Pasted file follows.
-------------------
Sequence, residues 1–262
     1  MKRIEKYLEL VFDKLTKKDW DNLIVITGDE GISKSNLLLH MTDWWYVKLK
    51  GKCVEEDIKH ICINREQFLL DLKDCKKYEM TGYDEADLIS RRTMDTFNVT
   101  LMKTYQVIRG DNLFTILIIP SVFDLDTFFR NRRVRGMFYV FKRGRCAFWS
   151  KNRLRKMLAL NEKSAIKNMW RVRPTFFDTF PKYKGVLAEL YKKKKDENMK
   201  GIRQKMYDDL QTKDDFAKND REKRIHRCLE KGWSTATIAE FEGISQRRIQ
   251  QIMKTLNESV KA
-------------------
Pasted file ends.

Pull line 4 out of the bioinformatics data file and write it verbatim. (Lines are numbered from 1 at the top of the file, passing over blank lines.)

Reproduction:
   101  LMKTYQVIRG DNLFTILIIP SVFDLDTFFR NRRVRGMFYV FKRGRCAFWS